Nigel: At the moment it seems to be a full-time job. I originally joined ARMA on only two days a week and that it was like that for a couple of well, frankly until Grenfell. Then it sort of came full time. But no that, there are other things that I’m interested in doing. So as I said, it sounds like, I’m putting my CV out there, but they’ll be some in non-executive roles, there will be some charity work. I prefer example, I volunteered as vaccinators from a qualified vaccinator. So once a fortnight I go, go and stick needles in poor, poor unfortunate, people who probably don’t deserve me to do that. So there’s quite a few things. I’d like to look at the environmental side as well. But I’ll be in property management for quite a while because there’s a lot to do you mentioned the merger, those don’t happen overnight. There’s a lot of legislation coming that needs careful management. So, you know, the idea is to wind back if I can as much as I can, so I can do other things. And also selfishly just, you know, get a better work-life balance. I’m sure you’re finding one of the downsides, two back-to-back zooms is sitting stationary for a day is not very good for you. So I’d like to do a bit more traveling and just just just get a bit of my life back from that point of view.
Brian: Yeah, I do get, I do get that. Yeah, there’s them sitting sedentary for most of the day. But, yeah, try and get out and walk and try and get out and exercise. Try and get out and play golf, but then that is, you got to find the time to do it. So yeah, no, I do, I do understand exactly what you mean.
Nigel: Absolutely. So I’ve been lucky enough. A few people who approached me for more strategic roles rather than operational, which is what I’m looking for. So you can sort of fit them in and yeah, but I haven’t given it that much thought about. So luckily some people have contacted me, but we’ll see, we’ll see. Sounds like there’s a lot of work to do for the next year at least anyway, so that’s good.
Brian: Okay Jaxx. Do you want to to fire in with your questions?
Jaxx: Yeah. Sure. Before I do I just wanted to ask you, you mentioned a lot of legislation that you’re going to have to deal with. Is this to do with Grenfell and the cladding situation?
Nigel: Yes and that’s pretty much all I do nowadays. So, I joined ARMA as a CEO to sort of help a not-for-profit organization, but I’ve turned into a sort of cladding warrior on the behalf of the lease holders. So you have the building safety Bill, the fire safety order. I think I’d still like to put regulation of managing Agents in that. Because if you’re going to put managing agents, wouldn’t it make sense? If ever you’re going to regulate them to do it before you start? Putting that sort of level of money, through organizations, Etc. So there’s there is a tsunami of legislation hitting us. So the last two years. I’ve been filling out and answering consultations and sitting in front of select committees here, in Wales Etc. more and more. You can just see it coming.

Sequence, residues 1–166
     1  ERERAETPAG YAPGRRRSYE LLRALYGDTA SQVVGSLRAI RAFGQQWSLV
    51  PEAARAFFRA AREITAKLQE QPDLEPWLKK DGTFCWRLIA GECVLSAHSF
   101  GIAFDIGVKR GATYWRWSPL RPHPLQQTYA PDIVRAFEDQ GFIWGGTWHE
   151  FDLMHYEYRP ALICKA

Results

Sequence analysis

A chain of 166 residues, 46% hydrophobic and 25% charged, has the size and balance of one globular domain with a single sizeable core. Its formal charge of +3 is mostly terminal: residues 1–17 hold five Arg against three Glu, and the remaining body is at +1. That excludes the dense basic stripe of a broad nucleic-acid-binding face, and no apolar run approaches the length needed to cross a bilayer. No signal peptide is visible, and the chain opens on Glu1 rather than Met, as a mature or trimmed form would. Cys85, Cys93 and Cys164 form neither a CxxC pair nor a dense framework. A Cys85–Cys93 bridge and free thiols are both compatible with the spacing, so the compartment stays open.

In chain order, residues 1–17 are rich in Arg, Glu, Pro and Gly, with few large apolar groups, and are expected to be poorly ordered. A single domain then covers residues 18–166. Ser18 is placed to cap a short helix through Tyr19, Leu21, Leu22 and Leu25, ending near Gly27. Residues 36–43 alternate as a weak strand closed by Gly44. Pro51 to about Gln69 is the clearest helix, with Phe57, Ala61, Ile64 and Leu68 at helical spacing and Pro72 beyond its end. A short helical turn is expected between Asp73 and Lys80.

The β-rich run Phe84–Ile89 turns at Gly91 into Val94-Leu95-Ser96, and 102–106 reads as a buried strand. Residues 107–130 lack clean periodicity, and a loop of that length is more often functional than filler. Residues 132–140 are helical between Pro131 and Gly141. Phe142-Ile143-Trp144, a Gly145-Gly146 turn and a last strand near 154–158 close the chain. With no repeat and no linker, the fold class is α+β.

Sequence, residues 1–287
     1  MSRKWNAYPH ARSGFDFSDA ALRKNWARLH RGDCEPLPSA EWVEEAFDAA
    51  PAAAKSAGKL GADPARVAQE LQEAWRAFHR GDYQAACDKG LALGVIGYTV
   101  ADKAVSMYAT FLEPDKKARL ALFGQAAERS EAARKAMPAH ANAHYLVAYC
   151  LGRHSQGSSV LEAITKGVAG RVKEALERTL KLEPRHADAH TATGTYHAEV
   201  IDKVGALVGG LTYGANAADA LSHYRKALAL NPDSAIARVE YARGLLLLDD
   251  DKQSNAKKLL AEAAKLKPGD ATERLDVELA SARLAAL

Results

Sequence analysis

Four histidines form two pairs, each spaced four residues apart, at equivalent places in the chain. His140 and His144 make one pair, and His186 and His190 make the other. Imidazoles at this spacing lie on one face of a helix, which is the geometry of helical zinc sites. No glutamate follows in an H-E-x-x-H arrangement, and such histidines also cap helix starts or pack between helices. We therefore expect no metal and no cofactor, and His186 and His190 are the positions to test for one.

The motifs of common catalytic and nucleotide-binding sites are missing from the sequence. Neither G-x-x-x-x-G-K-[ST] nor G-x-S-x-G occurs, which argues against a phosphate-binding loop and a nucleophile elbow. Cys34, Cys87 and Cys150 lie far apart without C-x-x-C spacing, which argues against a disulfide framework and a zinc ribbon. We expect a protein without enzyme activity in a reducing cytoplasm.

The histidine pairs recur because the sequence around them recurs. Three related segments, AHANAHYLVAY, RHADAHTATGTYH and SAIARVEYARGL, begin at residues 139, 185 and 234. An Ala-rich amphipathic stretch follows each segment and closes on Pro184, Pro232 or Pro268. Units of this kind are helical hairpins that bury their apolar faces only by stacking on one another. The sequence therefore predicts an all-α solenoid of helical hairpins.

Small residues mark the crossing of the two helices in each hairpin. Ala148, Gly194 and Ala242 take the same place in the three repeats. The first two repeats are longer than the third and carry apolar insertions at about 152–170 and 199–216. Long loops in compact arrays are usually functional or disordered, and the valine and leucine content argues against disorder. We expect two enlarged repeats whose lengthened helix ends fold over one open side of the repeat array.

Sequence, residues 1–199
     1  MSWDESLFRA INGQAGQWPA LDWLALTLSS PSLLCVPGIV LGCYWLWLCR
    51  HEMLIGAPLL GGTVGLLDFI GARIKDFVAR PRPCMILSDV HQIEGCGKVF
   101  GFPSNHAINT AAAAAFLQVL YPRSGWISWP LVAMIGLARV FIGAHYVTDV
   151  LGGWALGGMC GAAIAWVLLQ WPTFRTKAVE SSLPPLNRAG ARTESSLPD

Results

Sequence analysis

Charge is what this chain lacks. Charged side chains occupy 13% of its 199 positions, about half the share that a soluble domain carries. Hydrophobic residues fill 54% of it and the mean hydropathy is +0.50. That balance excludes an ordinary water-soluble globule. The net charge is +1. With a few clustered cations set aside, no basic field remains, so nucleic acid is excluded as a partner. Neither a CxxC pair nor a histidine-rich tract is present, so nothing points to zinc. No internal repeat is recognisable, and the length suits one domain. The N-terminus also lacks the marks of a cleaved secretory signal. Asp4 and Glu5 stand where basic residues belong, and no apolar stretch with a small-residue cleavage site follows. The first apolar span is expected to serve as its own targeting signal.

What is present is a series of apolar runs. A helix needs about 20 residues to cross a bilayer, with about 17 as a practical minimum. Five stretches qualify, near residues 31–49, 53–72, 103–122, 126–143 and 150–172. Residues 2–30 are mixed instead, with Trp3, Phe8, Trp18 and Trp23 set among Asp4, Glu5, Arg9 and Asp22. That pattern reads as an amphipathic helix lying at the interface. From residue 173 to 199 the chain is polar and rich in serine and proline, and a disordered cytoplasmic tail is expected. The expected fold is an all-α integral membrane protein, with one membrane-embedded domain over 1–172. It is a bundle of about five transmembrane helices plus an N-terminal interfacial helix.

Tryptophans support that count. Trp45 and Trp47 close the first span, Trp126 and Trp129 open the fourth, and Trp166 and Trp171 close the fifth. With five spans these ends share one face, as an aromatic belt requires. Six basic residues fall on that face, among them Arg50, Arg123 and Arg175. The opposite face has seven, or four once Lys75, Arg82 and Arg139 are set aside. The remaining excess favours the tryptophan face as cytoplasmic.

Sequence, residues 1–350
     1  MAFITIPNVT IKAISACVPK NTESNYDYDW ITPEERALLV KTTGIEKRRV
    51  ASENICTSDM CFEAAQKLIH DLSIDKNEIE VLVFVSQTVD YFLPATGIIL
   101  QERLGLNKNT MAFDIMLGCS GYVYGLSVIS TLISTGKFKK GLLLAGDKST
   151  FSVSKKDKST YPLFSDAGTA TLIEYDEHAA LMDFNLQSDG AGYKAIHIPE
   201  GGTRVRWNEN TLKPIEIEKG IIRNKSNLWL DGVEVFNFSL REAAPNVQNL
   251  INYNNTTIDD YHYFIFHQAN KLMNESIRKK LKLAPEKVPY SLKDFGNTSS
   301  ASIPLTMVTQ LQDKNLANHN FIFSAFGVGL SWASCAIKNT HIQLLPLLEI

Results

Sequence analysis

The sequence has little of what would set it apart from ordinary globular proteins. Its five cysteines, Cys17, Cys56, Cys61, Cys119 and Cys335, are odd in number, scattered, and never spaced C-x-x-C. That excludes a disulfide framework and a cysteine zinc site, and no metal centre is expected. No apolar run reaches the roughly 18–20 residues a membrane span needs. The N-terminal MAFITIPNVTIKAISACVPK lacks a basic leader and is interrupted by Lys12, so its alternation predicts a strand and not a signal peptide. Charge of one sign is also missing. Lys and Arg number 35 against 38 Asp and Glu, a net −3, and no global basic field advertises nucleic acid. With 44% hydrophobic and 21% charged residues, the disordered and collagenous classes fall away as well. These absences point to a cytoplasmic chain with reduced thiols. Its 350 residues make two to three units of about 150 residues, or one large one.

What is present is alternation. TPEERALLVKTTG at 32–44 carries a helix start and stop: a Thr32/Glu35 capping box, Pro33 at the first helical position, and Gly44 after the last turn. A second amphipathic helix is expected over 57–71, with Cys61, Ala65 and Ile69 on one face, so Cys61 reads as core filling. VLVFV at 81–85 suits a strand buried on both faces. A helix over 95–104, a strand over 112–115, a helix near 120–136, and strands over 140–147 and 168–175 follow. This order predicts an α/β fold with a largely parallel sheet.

Jaxx: Yeah, and is that going to affect, excuse my ignorance, the UK across the board, England and Wales, and Scotland will have to piggyback onto that?
Nigel: It’s interesting that actually, because I, the Welsh government is very progressive, I find. And so, I don’t do what’s gotta convince. I don’t know how you guys are doing. But the Welsh government is perhaps because it has a lesser problem if you like, but they’re much, they’re much more able to say, right? Tell you what we should fund everything and then worry about, who pays for it later. Whereas the the English government or /, UK government is much more circumspect about that about. All those bits, we can pay for a bit so we can’t we go. Well, that’s that’s fine. But then if you don’t pay for it, and if leaseholders cannot or will not, where does that leave us? Because as you know, service charges, there’s no there’s no profit. Margin that you can’t say. I will we’ll just take that out of the profit of a service charge. There, isn’t? There’s it’s a zero-sum game. So they work at different speeds. I mean I could be sitting in a country mansion in the middle of you know, the country with a moat and extensive grounds thinking, “Thank goodness. I didn’t buy a flat with cladding but somewhere in my chain is probably a flat with cladding further down. So it will have a knock-on effect. Because it’s affected the sales it’s affecting rentals, you know, it’s affecting the entire sort of living infrastructure of the country.
Jaxx: Wow, I’m surprised you sleep at night with all that going on! So yeah, Taking it into a little bit of a lighter note, and are three quirky questions that we like to finish with is the first one is, what’s your biggest failure across your entire career and what did you learn from it?